An alternate path toward resolution is mediation. In a mediation, both sides agree on a neutral mediator who will help resolve their case out of court. The mediator is typically an attorney with extensive experience in your type of dispute. Mediation typically occurs after each side has had a chance to gather evidence and build its case and to understand the opposing side’s arguments.

Before mediation, each side submits a written statement of their case (with evidence) to the mediator so that the mediator can better understand both sides of the dispute. At mediation, the mediator talks with each side, identifies the strengths and weaknesses in their case, and encourages a resolution. The mediator does not have the authority to decide the case, but they can be effective in helping each side understand the repercussions of proceeding to trial. The parties may agree to hold multiple mediation sessions to resolve their case.  By the same token, if mediation is not productive, the parties are free to end the session.


Arbitration is another helpful dispute resolution forum.  Unlike mediation, the outcome of arbitration is generally binding on the parties, meaning that the decision at arbitration cannot be appealed (and shortening the potential length of the case). Arbitration, therefore, typically occurs instead of a trial and after all of the evidence in a case is obtained. Arbitration has the benefit of being shorter than trial and more flexible because a jury is not involved. Instead, the parties agree on an arbitrator, usually a retired judge or experienced neutral attorney. The arbitrator presides over a proceeding that resembles trial – witness testimony is given and evidence is presented. However, the arbitrator, and not a jury, makes the ultimate decision in the case. This forum has a few advantages. One, it is faster than trial. Arbitration is also useful for cases that concern esoteric topics that may not capture a jury’s attention. It may be more productive to explain the minutiae of your business’s operating agreement or sales contracts to a retired judge as opposed to a jury of individuals who are unfamiliar with contract disputes.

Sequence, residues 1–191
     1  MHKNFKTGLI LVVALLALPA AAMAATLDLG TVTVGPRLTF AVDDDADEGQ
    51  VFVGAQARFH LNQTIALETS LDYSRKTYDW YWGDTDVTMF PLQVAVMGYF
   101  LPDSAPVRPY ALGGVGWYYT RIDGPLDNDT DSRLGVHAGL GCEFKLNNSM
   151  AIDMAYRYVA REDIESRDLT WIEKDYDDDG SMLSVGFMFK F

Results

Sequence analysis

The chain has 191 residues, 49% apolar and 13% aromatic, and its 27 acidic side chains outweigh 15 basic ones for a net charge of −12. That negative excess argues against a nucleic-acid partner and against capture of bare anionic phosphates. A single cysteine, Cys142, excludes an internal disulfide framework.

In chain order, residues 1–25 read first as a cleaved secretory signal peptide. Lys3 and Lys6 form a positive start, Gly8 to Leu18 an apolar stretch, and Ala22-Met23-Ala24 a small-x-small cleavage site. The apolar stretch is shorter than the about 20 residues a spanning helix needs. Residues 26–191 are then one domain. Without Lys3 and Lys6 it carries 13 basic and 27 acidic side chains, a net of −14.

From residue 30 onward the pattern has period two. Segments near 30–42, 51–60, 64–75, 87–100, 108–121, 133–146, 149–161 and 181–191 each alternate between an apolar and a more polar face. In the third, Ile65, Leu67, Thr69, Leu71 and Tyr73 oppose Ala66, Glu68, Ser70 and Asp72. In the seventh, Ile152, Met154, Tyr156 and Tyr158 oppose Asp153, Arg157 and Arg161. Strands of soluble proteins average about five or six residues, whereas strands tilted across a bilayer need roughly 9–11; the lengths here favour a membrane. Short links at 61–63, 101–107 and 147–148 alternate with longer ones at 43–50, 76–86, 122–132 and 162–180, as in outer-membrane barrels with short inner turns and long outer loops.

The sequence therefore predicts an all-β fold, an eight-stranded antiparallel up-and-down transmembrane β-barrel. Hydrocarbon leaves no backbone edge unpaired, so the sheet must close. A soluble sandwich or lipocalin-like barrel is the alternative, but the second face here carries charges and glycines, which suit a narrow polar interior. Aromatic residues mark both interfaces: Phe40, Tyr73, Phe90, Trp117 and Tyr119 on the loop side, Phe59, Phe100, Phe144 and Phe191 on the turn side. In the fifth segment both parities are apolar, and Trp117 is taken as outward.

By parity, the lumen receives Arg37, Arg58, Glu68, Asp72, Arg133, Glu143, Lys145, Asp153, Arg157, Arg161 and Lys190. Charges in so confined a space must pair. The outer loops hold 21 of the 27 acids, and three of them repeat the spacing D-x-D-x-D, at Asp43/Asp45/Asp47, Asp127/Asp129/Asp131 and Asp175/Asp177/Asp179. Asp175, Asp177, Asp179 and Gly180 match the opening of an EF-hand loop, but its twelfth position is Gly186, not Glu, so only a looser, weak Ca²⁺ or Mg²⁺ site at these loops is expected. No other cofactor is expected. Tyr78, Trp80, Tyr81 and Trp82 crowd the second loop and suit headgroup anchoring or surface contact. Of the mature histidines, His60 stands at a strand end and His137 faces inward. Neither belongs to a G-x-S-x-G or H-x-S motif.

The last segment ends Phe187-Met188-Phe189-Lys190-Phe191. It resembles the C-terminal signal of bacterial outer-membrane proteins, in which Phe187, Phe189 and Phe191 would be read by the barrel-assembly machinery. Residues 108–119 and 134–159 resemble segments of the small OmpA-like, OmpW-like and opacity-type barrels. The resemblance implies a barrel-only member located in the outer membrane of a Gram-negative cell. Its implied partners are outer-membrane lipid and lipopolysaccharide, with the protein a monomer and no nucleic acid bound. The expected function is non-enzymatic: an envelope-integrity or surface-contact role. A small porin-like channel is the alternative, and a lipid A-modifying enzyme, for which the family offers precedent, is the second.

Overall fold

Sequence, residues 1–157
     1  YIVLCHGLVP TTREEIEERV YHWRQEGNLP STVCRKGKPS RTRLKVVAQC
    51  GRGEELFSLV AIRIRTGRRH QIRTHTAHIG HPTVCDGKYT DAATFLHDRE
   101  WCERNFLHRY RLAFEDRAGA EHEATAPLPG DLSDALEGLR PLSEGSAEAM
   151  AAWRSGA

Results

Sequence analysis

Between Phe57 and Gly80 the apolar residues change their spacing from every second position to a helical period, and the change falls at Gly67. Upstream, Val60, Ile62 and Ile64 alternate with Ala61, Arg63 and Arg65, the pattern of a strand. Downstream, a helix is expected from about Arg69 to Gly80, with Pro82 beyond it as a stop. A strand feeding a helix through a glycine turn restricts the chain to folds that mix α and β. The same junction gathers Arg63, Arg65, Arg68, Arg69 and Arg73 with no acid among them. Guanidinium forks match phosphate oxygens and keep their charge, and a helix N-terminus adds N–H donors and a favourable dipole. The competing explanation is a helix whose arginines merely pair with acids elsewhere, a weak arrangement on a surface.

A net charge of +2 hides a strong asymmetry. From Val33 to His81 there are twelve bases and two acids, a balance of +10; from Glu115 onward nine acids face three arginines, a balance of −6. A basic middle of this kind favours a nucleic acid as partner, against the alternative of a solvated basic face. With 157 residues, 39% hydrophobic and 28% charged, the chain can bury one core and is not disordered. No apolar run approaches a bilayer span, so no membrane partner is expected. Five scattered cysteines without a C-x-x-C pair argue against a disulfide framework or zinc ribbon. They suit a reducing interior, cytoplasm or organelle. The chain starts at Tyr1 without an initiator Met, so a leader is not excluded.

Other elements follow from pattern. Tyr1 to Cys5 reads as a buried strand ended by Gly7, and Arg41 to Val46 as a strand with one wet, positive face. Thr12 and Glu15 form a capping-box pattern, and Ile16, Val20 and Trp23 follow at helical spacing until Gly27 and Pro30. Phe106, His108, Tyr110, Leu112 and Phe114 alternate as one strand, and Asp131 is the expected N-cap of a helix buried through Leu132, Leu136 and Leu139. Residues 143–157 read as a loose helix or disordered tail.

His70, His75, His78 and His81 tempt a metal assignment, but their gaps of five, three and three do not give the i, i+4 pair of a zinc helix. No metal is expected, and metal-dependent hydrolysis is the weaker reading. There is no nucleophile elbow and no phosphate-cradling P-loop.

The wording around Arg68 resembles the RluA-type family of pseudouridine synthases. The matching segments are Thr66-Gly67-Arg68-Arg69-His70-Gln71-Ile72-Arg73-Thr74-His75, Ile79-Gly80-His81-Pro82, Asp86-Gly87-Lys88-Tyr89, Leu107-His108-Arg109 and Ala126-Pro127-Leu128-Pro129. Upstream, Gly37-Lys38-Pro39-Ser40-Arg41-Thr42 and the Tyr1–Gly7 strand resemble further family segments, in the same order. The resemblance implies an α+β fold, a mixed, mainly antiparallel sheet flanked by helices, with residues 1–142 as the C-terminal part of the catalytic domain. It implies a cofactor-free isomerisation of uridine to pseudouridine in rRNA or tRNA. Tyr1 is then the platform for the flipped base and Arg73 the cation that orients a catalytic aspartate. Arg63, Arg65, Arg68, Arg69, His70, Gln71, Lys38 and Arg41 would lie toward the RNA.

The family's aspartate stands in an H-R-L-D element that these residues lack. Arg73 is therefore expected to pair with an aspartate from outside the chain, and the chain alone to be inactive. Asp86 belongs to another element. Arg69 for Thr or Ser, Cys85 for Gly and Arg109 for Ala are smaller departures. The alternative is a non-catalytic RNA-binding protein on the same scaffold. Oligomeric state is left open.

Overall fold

Alternate Forums

Attorneys can also steer a case toward a cost-effective resolution by recommending a less expensive forum for the case. If your dispute is for a low dollar value, it may be eligible to be heard in Town or City Court, which has an expedited process. The expedited process results in faster decisions and lower legal fees. Knowing when to use these forums can be critical in resolving your case efficiently.

When such a dispute arises in your life, it may be necessary to find legal counsel.  Finding an attorney whose goal and desire is to resolve a case before it consumes time and money is critical to getting through your dispute with minimum damage.  

Gregory D. Eriksen, Esq.

Gregg is a member of the firm and focuses his practice on commercial litigation. His experience as a litigator includes contract disputes, employment matters, government investigations, and legal and medical malpractice defense. | 315-701-6307